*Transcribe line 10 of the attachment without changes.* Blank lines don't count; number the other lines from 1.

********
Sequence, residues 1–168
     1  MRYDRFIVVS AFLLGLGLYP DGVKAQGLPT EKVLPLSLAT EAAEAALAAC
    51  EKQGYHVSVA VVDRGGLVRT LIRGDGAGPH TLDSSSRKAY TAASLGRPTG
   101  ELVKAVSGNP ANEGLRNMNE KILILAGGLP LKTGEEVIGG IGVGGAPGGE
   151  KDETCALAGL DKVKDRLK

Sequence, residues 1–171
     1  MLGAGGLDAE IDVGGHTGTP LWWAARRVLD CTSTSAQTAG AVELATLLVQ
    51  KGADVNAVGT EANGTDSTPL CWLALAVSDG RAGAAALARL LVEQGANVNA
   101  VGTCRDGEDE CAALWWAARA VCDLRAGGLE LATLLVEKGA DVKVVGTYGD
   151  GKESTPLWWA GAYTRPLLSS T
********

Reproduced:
   151  GKESTPLWWA GAYTRPLLSS T